What if I'm mistaken about hearing God?

Posted by: David Carroll

Beware the Spiritual Panacea

Yes, you may think you are hearing a fantastic promise from God but if you think he is promising no suffering, no failure, and lots of prosperity, you are most certainly not hearing from God’s word. Perhaps you’ve heard the health, wealth and prosperity preachers. They make big money to drive big fancy cars and wear fine clothes and jewelry.  After all, they know the secret, why not flaunt it to help you believe it.

Let’s recall the exchange between Jesus and Peter.

Matthew 16:21-23 (NKJV)

From that time Jesus began to show to His disciples that He must go to Jerusalem, and suffer many things from the elders and chief priests and scribes, and be killed, and be raised the third day.

Then Peter took Him aside and began to rebuke Him, saying, “Far be it from You, Lord; this shall not happen to You!

But He turned and said to Peter, “Get behind Me, Satan! You are an offense to Me, for you are not mindful of the things of God, but the things of men.”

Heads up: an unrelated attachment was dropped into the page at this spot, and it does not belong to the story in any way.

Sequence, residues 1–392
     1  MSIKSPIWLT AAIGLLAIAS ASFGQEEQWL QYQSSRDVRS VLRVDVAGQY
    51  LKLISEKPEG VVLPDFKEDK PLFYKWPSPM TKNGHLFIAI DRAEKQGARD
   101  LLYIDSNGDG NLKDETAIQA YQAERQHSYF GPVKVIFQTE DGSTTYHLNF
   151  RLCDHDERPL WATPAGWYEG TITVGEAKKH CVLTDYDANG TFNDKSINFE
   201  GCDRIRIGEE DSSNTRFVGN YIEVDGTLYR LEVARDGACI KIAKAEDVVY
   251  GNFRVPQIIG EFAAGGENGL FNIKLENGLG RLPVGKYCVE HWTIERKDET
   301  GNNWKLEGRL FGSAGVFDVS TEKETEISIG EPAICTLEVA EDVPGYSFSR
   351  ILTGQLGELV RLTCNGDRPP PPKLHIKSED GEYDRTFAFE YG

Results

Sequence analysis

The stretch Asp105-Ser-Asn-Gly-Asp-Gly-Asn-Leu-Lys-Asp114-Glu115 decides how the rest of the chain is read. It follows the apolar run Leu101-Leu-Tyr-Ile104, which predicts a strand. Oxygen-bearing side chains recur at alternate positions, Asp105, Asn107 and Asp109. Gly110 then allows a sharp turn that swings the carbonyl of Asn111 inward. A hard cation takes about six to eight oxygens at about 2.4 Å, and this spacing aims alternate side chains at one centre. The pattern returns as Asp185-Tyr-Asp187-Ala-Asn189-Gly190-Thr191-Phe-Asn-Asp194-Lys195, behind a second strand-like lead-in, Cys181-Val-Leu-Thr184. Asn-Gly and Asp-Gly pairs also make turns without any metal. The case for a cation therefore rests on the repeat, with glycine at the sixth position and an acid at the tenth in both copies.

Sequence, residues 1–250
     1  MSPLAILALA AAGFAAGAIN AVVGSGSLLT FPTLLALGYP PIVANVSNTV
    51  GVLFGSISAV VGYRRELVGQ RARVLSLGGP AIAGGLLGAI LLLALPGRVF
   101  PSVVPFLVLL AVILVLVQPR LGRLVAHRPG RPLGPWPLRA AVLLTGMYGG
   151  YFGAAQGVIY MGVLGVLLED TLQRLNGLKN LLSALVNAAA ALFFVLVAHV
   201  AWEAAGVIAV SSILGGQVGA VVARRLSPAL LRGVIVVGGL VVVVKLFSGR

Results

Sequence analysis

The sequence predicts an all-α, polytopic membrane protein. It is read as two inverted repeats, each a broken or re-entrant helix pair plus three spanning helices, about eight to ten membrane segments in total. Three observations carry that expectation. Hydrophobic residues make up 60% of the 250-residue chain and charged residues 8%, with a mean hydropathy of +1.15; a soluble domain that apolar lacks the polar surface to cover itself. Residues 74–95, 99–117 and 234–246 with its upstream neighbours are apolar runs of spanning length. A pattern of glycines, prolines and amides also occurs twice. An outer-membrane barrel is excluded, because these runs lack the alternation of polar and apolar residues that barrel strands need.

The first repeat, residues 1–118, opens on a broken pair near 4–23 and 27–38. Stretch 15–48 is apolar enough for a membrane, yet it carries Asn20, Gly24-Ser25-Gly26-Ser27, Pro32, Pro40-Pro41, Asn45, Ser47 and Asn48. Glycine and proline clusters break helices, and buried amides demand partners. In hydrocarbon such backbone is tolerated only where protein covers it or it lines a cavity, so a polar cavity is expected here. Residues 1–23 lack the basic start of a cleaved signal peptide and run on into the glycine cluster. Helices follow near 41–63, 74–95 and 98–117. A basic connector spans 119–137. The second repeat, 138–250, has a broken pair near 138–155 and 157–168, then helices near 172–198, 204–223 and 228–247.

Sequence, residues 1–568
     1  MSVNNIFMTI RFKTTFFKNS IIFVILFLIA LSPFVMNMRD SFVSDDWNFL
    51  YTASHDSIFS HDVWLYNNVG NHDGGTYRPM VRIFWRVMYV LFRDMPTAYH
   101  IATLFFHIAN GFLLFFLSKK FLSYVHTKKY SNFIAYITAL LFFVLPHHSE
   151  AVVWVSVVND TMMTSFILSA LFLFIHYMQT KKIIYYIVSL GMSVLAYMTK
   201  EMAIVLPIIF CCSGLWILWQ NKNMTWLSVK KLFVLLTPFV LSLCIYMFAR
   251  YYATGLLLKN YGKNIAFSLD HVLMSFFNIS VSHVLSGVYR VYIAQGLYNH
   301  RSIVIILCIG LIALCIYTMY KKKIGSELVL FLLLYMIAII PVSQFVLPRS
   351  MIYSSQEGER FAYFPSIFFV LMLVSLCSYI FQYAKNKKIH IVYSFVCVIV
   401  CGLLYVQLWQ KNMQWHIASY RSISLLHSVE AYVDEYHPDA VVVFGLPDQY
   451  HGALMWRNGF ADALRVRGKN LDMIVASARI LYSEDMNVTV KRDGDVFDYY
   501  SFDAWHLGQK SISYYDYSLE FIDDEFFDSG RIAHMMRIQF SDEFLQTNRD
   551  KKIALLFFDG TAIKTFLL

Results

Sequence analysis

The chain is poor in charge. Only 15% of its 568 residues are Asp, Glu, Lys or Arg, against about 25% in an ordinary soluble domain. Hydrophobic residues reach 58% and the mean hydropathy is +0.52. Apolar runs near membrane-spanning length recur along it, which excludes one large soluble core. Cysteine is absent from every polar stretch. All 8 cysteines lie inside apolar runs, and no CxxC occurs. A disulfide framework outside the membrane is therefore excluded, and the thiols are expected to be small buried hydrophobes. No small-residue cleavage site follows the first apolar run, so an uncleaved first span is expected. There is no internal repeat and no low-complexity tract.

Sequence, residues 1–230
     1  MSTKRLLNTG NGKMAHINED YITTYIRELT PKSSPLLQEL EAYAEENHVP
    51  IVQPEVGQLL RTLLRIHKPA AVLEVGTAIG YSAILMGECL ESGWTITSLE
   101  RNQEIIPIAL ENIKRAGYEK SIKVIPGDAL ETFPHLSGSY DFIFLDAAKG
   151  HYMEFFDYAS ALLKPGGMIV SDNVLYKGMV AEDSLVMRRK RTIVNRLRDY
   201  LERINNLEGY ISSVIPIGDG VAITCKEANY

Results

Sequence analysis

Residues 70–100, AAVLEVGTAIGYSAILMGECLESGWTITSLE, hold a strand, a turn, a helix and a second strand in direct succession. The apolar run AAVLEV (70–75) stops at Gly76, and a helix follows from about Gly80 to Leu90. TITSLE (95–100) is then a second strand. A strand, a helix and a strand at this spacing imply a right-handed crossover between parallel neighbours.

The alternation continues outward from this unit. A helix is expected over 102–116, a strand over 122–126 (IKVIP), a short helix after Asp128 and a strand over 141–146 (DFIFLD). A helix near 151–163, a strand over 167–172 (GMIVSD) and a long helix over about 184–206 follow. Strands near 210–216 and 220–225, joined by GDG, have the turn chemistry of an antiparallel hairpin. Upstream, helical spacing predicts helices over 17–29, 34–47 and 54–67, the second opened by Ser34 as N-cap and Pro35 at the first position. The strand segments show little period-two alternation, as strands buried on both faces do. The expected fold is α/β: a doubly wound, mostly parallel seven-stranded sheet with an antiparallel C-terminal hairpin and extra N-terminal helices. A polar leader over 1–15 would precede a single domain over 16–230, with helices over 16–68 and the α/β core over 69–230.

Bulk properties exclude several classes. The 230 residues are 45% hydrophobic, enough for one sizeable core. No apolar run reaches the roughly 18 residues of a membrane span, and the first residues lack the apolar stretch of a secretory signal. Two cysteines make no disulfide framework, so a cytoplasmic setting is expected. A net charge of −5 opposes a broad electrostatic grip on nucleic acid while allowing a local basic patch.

Peter was not happy about Jesus being killed (he did not understand the whole story yet, remember he was a little dense headed). This was Peter’s wishful thinking getting in the way of what the desire and will of God was from the foundation of the world.

Beware Satan’s imitation

Satan can appear as an angel of Light, or he can disguise his voice as that of God. When Jesus was tempted of Satan, you know how he knew he was wrong? Satan misquoted scripture. Jesus corrected him. How? because Jesus was quite familiar with God’s word. The only reason I make such an understatement about that (obviously Jesus knows the Bible) is to encourage you that you too can recognize Biblical truth.

What if we’re wrong?

Nobody’s perfect but one.

God’s Word is Key

Fredrick B Meyer’s says

The written word is the wire along which the voice of God will certainly come to you if the heart is hushed and the attention fixed.

Dallas Willard says:

Both in the experience of scripture and of other things—circumstances, our own inner thoughts and impulses, the reading of history or biography—God’s word frequently comes in a way that at least approximates the experience of an audible voice. When examined closely the data of Christian experience reveals that this is much more common than is generally thought. But the audibility of the voice is not anything essential to it, nor does it have any effect on reliability of our experience of the voice. The essentials The essentials remain, once again, the distinctive quality, spirit and content that we have learned through experience to associate with the personal presence of God.